Two doors down from us lives the most delightful little family. They have an adorable 3yo boy who talks a mile a minute and obsesses over balls and bikes. They have a 5yo girl who is about the sweetest thing I've ever encountered. They play beautifully with my dc. As a matter of fact, they've become about my favorite children to have over without mommas around because everyone plays with everyone and no one gets their feelings hurt.
They also just so happen to speak about a dozen words each in English.
Both of our families moved in about 3 1/2 years ago. We were fresh from the South and they were fresh from the way south, also known as Mexico. For a few weeks, the mom and I made huge efforts to gather in the common area and watch the children play. Pretty quickly, though, the language barrier became too much. The mother told me in broken English one afternoon that trying to talk with me made her "shy." Yikes! I had no intention of making her uncomfortable, but somehow I had managed, in my enthusiasm to have a friend in the neighborhood, to freak her out. I apologized profusely. She finally said that it wasn't me (thank goodness!), but rather, the problems of communicating with someone whose grasp of her mother tongue went as far as what Dora the Explorer had introduced on that morning's video. For her part, while I found her English to actually be quite good, she said she could only understand "tiny, tiny" of what I was saying.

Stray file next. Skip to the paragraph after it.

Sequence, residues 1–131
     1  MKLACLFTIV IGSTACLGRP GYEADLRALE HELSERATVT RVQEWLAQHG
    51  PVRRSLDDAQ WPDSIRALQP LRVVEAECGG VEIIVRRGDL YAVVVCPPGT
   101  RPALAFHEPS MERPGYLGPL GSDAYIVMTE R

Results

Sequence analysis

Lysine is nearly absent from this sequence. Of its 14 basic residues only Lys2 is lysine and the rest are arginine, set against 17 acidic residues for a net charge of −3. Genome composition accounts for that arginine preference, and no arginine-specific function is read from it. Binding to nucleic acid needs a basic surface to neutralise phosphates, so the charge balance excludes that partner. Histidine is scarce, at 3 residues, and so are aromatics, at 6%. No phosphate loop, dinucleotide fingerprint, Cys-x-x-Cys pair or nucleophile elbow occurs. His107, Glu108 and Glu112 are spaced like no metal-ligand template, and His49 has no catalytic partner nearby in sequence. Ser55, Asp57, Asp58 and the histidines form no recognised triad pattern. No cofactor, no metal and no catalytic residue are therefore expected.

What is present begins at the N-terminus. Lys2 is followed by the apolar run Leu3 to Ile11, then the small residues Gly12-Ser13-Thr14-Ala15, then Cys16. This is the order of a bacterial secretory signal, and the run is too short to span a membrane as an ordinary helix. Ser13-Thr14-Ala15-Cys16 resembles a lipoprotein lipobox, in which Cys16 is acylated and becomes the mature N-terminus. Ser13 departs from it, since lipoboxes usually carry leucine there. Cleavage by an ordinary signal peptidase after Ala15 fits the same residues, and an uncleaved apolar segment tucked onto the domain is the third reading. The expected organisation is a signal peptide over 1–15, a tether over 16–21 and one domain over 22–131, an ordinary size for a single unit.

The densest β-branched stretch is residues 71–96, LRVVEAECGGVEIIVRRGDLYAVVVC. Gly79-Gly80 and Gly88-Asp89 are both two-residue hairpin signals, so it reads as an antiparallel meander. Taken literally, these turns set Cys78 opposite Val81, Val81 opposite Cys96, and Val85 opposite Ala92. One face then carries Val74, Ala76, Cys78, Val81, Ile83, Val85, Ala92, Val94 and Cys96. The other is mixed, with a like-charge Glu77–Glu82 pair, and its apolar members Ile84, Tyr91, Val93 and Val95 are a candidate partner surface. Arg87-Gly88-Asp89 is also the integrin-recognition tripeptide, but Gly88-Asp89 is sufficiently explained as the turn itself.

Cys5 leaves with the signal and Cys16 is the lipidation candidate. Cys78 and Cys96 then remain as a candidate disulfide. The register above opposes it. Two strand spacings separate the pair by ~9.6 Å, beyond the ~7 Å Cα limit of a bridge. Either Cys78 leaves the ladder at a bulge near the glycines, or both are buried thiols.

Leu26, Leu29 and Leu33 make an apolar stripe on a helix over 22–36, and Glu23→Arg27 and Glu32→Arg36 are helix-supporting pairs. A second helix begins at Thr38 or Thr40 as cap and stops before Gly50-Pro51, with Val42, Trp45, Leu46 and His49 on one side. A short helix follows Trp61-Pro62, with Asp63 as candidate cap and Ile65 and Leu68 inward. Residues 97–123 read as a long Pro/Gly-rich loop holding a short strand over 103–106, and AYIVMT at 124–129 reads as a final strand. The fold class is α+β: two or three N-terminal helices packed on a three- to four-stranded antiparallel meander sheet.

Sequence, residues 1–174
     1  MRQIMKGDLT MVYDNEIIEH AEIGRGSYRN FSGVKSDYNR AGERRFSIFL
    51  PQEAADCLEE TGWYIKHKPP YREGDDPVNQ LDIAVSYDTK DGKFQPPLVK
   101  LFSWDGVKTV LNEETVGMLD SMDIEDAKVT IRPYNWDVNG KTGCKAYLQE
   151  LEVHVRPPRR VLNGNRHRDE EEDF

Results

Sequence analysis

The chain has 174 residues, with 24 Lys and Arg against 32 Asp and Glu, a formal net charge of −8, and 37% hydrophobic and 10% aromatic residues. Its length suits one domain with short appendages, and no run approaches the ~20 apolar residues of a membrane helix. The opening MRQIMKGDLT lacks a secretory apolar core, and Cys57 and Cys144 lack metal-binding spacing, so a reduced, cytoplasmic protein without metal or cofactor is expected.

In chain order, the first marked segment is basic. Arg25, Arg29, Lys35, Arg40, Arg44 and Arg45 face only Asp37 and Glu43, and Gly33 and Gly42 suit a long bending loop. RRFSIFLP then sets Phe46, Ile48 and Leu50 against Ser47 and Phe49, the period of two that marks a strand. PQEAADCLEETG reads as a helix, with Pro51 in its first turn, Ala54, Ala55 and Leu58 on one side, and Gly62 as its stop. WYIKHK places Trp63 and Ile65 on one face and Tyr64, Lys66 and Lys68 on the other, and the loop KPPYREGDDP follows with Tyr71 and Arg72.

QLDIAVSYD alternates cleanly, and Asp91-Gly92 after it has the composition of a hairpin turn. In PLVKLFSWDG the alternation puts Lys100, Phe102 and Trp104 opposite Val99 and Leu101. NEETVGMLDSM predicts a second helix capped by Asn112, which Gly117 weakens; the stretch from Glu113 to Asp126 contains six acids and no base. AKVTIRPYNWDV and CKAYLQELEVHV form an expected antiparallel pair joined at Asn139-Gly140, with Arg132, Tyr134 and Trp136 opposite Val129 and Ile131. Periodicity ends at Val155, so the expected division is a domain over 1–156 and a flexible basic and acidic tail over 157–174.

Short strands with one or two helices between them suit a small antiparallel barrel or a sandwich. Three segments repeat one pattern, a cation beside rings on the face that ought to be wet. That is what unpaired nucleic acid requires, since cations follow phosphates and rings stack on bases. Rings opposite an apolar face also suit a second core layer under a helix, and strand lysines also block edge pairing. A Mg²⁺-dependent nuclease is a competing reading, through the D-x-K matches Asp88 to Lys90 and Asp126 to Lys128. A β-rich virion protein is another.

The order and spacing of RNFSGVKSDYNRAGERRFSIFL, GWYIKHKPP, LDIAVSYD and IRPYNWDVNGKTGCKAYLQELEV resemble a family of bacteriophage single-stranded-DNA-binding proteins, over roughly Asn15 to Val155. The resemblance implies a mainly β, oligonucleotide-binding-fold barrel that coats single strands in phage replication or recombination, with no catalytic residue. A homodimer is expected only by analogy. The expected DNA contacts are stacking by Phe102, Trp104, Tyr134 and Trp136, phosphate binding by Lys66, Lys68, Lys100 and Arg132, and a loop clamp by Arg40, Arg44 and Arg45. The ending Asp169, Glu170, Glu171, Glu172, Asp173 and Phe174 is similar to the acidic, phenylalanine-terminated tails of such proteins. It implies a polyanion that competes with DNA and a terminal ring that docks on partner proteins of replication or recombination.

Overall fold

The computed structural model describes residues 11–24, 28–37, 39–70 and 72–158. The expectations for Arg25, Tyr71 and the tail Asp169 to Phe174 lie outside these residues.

Needless to say, the friendship never took off. I met a group of moms in the neighborhood, and she connected with a church of fellow Mexican nationals. While we wave at one another on our way to get the mail, we've rarely spoken in 3 1/2 years.
Somehow, though, the most amazing thing has happened this summer. Our kids, neighbors for most of their little lives, have discovered each other at last!
My older two children use Rosetta Stone Spanish, and my 4yo listens in and has a pretty decent vocabulary as well. I've picked up enough Spanish in the past three years to get by in a casual setting thanks to overseeing the Rosetta Stone and helping dh fund-raise at a Spanish-language only church near-by. In the meantime, the children down the street have gotten a few key phrases in English down pat--mostly things about Batman and Dora, but English nonetheless. Put all of us together and we can tell someone when their pelota es debajo de un carro or whether or not Batman can go in the water.
It's a start.
Jo, Atticus and Logan are so tickled with their newfound playmates (who like soccer as much as they do!). They've taken joy in comparing Mexico and Georgia, in riding their bikes at break-neck speeds and in kicking, kicking, kicking that football all over the street. It's absolutely contagious. Their mother has yet to venture out and watch them play this summer. I'm sure she is still uncomfortable with the idea of trying to labor through a conversation with me and is staying snug inside her house. But, you know what? I'm going to make a little gesture anyway. I baked some cookies this afternoon and we're taking them over for their family. Maybe the spirit of acceptance and love our children have kindled with one another is catching.